USDA back-tracks on organic food directive

U.S. has rescinded controversial organic foods directive
May 31, 2004

U.S. Department of Agriculture Secretary Ann M. Veneman has rescinded a month-old directive that critics said would have weakened qualification standards for organic food.

The directive would have revamped guidelines to allow "organic" labels for food produced with the limited use of pesticides and antibiotics on some crops, livestock and dairy products.

Consumer groups and organic farmers had blasted the directive for potentially opening the door to a number of additional products, including fish, that may have qualified for "organic" labels with the proposed changes to the National Organic Program (NOP), which oversees standards concerning organic food that the USDA first began applying two years ago.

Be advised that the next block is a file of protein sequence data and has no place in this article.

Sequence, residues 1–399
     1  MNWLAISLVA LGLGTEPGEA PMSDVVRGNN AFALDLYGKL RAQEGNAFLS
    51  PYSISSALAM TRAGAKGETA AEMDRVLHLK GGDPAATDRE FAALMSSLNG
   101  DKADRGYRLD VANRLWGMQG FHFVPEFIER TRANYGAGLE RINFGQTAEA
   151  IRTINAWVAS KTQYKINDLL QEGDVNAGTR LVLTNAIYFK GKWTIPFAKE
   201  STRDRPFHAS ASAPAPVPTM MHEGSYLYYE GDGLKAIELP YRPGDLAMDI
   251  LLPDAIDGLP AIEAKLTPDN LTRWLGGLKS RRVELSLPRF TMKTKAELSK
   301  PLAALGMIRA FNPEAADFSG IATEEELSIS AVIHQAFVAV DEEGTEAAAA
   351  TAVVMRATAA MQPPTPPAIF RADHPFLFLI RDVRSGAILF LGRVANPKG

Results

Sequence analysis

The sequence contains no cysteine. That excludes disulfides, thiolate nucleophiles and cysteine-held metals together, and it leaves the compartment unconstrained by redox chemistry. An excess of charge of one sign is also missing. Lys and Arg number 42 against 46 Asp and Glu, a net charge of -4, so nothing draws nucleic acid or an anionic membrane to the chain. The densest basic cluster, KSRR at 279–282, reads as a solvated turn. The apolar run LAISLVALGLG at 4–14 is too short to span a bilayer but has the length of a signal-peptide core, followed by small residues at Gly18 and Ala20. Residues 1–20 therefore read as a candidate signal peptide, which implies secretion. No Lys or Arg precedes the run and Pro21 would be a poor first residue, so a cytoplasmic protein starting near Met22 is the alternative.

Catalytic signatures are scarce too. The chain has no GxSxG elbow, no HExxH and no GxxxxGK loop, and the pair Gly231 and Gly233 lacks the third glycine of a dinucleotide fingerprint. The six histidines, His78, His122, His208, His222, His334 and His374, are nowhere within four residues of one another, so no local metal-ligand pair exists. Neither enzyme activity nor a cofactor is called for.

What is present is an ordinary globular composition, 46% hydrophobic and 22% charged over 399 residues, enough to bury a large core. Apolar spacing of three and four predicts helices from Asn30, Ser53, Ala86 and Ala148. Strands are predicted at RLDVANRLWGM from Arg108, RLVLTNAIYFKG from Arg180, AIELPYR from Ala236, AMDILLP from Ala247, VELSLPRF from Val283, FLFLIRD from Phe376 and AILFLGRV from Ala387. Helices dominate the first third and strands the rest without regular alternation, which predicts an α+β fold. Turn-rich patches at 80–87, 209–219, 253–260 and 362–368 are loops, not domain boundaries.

The directive also would have allowed livestock fed with certain synthetic feed supplements to qualify as "organic."Livestock treated with antibiotics also would have qualified as long as they had not received drugs in the previous 12 months.

In rescinding the directive, Veneman said the USDA’s Agriculture Marketing Service, which operates the NOP, would instead work with industry representatives to clarify national organic standards.